Noting how historically Korea has never been an aggressor, Song began his speech at the Institute of Politics by likening South Korea—formally known as the Republic of Korea (ROK)—to a “ball-bearing” in the “complex and important machine” that is the Northeast Asian security mechanism.
Song cited a recent poll by the Pew Research Center, which found that although Chinese and Japanese hold unfavorable views of each other, they generally hold favorable views of Koreans.
“This allows us a position as a stabilizer and facilitator to the region without raising undue concern,” he said.
He went on to laud a recent free trade agreement between the U.S. and ROK and urged quick approvals from their respective legislatures. He said both countries stand to benefit from billions of dollars in increased export revenues when the agreement goes into effect.
Finally, he expressed a cautious confidence in both the current denuclearization process on the Korean peninsula and the multilateral Northeast-Asia peace and security negotiations.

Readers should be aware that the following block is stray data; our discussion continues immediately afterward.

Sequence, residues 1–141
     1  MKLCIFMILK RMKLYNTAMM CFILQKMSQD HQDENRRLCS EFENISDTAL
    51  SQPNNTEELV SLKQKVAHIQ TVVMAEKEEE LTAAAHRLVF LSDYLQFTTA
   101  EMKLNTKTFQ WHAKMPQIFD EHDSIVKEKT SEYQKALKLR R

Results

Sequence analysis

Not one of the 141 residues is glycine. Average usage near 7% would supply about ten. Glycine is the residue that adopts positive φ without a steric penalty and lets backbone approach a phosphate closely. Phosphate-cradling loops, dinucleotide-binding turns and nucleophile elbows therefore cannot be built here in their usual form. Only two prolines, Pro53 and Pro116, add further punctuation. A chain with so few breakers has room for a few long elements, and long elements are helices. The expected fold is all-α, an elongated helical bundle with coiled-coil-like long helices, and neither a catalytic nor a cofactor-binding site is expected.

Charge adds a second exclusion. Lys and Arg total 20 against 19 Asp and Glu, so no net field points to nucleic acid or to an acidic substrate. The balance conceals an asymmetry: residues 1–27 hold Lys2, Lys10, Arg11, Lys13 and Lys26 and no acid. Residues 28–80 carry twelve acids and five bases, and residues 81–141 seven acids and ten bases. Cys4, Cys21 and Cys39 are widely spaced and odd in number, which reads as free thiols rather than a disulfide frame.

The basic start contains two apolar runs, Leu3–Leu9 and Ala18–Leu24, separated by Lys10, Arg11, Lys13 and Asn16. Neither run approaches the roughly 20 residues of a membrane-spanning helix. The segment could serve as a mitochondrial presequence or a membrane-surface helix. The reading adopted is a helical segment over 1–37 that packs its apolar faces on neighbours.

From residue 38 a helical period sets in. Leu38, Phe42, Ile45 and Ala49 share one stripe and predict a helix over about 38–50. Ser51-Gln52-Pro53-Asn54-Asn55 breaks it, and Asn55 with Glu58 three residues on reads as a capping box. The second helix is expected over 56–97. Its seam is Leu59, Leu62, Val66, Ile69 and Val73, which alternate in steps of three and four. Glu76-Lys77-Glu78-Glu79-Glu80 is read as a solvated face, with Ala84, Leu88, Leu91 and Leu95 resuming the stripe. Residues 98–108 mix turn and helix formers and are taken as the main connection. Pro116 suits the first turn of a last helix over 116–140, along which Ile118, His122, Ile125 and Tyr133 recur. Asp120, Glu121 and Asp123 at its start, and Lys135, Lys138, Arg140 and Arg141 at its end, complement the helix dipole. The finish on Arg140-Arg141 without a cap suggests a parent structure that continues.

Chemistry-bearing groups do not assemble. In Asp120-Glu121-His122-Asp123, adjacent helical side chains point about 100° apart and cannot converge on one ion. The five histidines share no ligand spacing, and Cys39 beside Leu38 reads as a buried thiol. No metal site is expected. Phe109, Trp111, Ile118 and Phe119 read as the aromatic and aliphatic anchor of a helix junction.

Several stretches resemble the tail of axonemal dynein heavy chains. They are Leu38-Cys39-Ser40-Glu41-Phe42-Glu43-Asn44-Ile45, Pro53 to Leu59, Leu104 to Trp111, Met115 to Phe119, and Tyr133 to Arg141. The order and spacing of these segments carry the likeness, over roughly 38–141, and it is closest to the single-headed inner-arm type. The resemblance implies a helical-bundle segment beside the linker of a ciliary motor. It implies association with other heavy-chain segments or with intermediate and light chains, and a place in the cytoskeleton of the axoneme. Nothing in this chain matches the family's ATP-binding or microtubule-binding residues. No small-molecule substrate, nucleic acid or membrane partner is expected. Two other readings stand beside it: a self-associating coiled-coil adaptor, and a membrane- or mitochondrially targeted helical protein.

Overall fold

The ROK’s neighbor, North Korea, has conducted a nuclear test detonation. But the Associated Press reported last night that a team of U.S. experts has begun disabling North Korea’s nuclear weapons-making facilities, marking the first time the isolationist dictatorship has ever moved to scale back its development of atomic bombs.
“We should be wary of overly wishful thinking,” Song said. “These are untrodden territories of disabling a country’s nuclear weapons program purely by negotiations.”
“His speech was almost predictable, but I liked how he answered questions,” said Nara Lee ’11. “He positioned himself very well, and spoke with first-hand experience that intrigued me a lot more than just a speculator or an expert would,” she said.
Song said after the speech that he “appreciated how students expressed their interest not just as Koreans or Americans but as scholars.”
His visit to Harvard, where he served as a Fellow at the Weatherhead Center for International Affairs during the 1994-1995 academic year, marks the beginning of a North American tour that is to culminate in a meeting with U.S. Secretary of State Condoleezza Rice tomorrow, the English-language Korea Times reported.
The two leaders are to discuss the denuclearization of North Korea and the possibility of formally ending the Koren War.
CORRECTION: The photo caption accompanying the Nov. 6 news article "Korean Minister Pushes Peace" incorrectly stated that Song Min-Soon was North Korea's minister of foreign affairs and trade. In fact, he represents South Korea. In addition, the caption incorrectly suggested that he spoke of nuclear programs in South Korea, when in fact he was discussing North Korea's. The caption has been modified online from its original version.